By Steve Davies, Senior Vice President

An enticing produce spread in Barcelona, Spain.

Did you know that the food supply in Los Angeles would run out after three days if truck and plane deliveries ceased? Or that if the Detroit region got just 20% of its fresh food from local sources, it would create more than 40,000 jobs?

In a shaky economic climate, local food and products represent more than just a fashionable trend.  Reinvigorating local economies is central to maintaining prosperity in our communities. Indeed, the recent explosion of popularity for public markets and farmers markets is a sure sign of people’s understanding that security depends on regaining control of their lives, communities and local economies.

How We Lost Our Local Economies

Not so long ago cities and rural areas were intrinsically linked:  the urban food system was largely dependent on the production of farmers in the surrounding countryside.  Every city had a “Market Street” where growers sold food out of wagons or trucks. Photos from the 19th Century and first half of the 20th Century depict massive public markets teeming with customers and farmers. Most cities also had a network of market gardens on the edges of town.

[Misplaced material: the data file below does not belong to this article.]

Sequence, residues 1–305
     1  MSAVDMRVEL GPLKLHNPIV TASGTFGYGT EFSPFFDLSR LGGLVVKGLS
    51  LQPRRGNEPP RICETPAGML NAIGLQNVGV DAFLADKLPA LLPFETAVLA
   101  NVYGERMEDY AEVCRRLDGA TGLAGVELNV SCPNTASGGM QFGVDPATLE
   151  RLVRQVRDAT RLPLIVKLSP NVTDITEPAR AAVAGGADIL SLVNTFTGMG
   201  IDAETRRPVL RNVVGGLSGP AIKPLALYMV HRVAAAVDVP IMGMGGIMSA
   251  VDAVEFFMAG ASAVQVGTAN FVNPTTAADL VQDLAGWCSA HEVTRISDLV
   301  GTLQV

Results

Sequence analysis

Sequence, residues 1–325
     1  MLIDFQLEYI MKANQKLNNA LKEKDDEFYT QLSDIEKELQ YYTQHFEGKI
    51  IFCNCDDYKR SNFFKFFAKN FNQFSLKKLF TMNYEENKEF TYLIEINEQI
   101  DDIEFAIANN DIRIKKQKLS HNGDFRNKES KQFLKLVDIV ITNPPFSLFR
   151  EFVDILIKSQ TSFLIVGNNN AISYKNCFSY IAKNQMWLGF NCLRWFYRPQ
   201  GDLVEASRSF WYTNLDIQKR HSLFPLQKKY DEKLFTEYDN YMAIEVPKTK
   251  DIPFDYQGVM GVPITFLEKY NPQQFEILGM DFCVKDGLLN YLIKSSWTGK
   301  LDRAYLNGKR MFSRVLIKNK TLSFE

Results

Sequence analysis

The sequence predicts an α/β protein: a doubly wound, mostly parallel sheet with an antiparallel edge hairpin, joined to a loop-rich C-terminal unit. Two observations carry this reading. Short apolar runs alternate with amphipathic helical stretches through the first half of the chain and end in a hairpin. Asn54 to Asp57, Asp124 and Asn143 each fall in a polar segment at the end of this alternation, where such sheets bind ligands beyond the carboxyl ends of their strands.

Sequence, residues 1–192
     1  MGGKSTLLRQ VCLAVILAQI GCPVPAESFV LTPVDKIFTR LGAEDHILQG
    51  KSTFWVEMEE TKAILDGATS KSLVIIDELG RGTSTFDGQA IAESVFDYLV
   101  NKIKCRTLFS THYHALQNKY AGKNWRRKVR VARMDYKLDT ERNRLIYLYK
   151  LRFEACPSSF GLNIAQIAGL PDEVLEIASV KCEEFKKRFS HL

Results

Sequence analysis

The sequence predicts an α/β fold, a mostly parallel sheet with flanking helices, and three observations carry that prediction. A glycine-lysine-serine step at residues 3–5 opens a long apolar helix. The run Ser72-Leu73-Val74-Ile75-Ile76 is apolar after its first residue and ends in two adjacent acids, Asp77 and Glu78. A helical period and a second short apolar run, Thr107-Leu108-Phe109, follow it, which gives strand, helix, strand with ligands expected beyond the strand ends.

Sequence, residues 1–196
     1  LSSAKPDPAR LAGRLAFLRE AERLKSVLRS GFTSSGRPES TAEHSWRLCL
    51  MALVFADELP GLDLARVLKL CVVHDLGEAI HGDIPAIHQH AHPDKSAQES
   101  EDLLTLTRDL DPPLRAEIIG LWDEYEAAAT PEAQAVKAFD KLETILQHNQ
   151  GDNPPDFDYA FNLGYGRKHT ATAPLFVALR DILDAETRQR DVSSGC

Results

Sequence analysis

Since World War II, a number of economic, social and geographic forces have weakened the connection between cities and the countryside:

  • The nationalization (and now internationalization) of the food system due to the rise of supermarkets, long-distance shipping, large-scale distribution systems, and big industrialized farms;
  • Rampant suburbanization of cities, which first paved over the market gardens and then millions of acres of farmland; and
  • Construction of the interstate highway system, designed in part to distribute food efficiently all over the country, but which also ignited suburban sprawl.